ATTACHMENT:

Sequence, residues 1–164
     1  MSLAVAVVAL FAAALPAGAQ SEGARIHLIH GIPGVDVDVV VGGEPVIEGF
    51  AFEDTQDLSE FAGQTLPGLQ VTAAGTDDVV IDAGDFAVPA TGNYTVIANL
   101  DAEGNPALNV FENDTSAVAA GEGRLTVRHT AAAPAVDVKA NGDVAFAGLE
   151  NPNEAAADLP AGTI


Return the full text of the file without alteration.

Sequence, residues 1–164
     1  MSLAVAVVAL FAAALPAGAQ SEGARIHLIH GIPGVDVDVV VGGEPVIEGF
    51  AFEDTQDLSE FAGQTLPGLQ VTAAGTDDVV IDAGDFAVPA TGNYTVIANL
   101  DAEGNPALNV FENDTSAVAA GEGRLTVRHT AAAPAVDVKA NGDVAFAGLE
   151  NPNEAAADLP AGTI